The letter concluded: “Religion and religious worship continue to be central to the lives of millions of Americans. This is true now more than ever. Religious communities have rallied to protect their communities from the spread of this disease by making services available online, in parking lots, or outdoors, by indoor services with a majority of pews empty, and in numerous other creative ways that otherwise comply with social distancing and sanitation guidelines. We believe . . . that the Constitution calls for California to do more to accommodate religious worship, including in Stage 2 of the Reopening Plan."
Update: On May 25, Governor Newsom issued new guidelines for reopening places of worship.
Justice Department Files Suit Against Jackson, New Jersey Alleging Zoning Code Used to Keep Out Orthodox Jewish Schools and Residents
On May 20, the Justice Department filed a lawsuit against the Township of Jackson and its planning board, alleging that they violated the Religious Land Use and Institutionalized Persons Act (RLUIPA) and the Fair Housing Act (FHA) by targeting the Orthodox Jewish community through zoning ordinances restricting religious schools and barring religious boarding schools.
“Using zoning laws to target Orthodox Jewish individuals for intentional discrimination and exclude them from a community is illegal and utterly incompatible with this Nation’s values,” said Eric Dreiband, the Assistant Attorney General for the Civil Rights Division, on the day the suit was filed. “Let me be clear. The Department of Justice will use the full force of its authority to stop such anti-Semitic conduct and prevent its recurrence.”
Craig Carpenito, the U.S. Attorney for the District of New Jersey, also remarked on the suit filing, stating: “Religious discrimination has no place in our society and runs counter to the founding principles of our nation. No religious community should ever face unlawful barriers or be singled out for inferior treatment. This complaint reflects our continued commitment to combat discrimination and unequal treatment.”
The complaint, filed in the U.S. District Court for the District of New Jersey, alleges that the township passed and applied two zoning ordinances in a manner that discriminated against the Orthodox Jewish community. The ordinances prohibit dormitories throughout Jackson, making it impossible for religious boarding schools such as Orthodox Jewish yeshivas to operate there. Although Jackson passed these ordinances to prevent dormitories anywhere in Jackson, the planning board has since approved, without requiring a variance, plans for two nonreligious projects with dormitory-type housing.
The complaint further alleges that the township and planning board enacted the ordinances against a backdrop of extreme animus by some Jackson residents and township decision-makers toward the Orthodox Jewish community and a movement by residents to keep Orthodox Jewish individuals from settling in Jackson. The complaint alleges that the township and planning board’s actions towards the Orthodox Jewish community violate RLUIPA’s non-discrimination and equal-terms provisions, as well as the FHA.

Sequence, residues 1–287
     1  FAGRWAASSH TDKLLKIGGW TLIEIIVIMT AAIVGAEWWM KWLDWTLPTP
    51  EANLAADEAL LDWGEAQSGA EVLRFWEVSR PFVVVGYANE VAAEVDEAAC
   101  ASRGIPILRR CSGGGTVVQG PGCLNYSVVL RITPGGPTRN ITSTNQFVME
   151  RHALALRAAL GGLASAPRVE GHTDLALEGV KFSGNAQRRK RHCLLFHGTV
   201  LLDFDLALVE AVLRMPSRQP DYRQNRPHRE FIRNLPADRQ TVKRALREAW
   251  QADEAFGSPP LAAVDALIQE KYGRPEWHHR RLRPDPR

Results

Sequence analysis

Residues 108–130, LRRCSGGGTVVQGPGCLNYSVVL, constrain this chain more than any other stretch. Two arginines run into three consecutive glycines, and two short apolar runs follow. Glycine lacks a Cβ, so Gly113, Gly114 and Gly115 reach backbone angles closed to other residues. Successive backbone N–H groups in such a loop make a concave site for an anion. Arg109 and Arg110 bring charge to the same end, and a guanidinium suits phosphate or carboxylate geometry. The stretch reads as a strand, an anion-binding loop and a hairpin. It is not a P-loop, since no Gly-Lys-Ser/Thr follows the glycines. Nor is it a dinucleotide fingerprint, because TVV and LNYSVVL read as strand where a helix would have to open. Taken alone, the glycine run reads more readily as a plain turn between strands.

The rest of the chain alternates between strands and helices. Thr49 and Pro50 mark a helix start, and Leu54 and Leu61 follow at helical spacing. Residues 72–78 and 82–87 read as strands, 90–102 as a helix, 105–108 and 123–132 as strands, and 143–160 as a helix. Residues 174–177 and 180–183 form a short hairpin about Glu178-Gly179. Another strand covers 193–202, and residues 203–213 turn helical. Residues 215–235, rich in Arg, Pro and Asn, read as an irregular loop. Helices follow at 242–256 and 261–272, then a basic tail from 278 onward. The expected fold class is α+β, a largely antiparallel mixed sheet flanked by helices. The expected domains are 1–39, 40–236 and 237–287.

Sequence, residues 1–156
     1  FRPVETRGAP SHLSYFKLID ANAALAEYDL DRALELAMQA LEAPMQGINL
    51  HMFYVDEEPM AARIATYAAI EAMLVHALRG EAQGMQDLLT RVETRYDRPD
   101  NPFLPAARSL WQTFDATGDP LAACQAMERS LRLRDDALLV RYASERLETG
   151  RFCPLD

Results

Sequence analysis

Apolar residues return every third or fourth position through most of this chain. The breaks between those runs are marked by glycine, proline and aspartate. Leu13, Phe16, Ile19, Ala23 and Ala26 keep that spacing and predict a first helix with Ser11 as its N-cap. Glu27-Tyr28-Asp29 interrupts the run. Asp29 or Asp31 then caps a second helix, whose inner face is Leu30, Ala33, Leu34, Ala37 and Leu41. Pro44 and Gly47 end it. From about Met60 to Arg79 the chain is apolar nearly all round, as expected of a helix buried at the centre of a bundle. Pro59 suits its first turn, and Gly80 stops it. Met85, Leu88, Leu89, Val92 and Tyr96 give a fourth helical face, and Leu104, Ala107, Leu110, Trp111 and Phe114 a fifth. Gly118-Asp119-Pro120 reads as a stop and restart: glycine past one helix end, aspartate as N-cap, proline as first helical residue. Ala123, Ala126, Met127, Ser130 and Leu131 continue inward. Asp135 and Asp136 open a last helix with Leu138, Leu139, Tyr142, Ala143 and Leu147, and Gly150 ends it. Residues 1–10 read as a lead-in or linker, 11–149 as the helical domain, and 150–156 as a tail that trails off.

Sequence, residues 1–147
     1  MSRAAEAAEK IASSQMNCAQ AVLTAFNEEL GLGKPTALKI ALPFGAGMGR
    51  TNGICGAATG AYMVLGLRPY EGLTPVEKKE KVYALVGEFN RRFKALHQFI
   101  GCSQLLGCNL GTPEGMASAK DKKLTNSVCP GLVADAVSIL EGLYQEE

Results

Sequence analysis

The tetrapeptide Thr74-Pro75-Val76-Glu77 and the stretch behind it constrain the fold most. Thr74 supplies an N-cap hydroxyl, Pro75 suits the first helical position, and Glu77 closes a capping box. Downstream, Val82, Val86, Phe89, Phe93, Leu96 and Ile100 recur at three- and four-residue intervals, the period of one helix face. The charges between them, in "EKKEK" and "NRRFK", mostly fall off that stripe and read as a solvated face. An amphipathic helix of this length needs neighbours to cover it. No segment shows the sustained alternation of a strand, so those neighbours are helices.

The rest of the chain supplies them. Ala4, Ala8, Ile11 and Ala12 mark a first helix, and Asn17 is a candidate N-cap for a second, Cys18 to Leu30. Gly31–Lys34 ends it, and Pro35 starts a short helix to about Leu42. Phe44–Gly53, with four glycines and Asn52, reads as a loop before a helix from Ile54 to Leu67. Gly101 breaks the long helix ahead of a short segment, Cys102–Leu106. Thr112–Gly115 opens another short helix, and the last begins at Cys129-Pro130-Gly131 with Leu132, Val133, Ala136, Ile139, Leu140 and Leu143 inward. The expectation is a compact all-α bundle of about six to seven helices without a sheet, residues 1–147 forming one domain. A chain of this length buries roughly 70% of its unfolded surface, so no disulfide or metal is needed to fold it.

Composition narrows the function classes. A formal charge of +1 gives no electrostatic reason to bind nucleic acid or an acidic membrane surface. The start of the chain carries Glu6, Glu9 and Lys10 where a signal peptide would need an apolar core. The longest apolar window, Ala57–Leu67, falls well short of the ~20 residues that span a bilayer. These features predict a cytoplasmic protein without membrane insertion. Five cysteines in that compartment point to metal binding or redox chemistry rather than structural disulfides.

RLUIPA is a federal law that protects religious institutions from unduly burdensome or discriminatory land use regulations. In June 2018, the Justice Department announced its Place to Worship Initiative, which focuses on RLUIPA’s provisions that protect the rights of houses of worship and other religious institutions to worship on their land. More information is available at www.justice.gov/crt/placetoworship. A portal for submitting complaints is available at that site. Additional information about RLUIPA and the FHA is also available at the Department’s Housing and Civil Enforcement Section’s homepage.
In July 2018, the Department of Justice announced the formation of the Religious Liberty Task Force. The Task Force brings together department components to coordinate their work on religious liberty litigation and policy, and to implement the Attorney General’s 2017 Religious Liberty Guidance.
On May 15, 2020, the Civil Rights Division closed its RLUIPA investigation of the City of North Lauderdale, Florida, after the city modified its zoning code to treat places of worship equally with nonreligious assemblies. In May 2019, the Department opened an investigation into the North Lauderdale zoning code’s treatment of churches and other places of worship after learning that the city imposed restrictions on churches that did not apply to a wide range of nonreligious assemblies.
The city zoning code required places of worship to apply for and be granted a “special exception” permit to locate in the B-2 business district, but allowed “civil associations, art galleries, art schools, business schools, clubs (civil and private), dance academies, athletic clubs, funeral homes, lodge halls with seating of less than 100, museums, and theaters and motion picture houses” in the district by right. The code also limited places of worship, collectively, to no more than 20% of the floor area of any shopping center, but imposed no size restriction on other assemblies.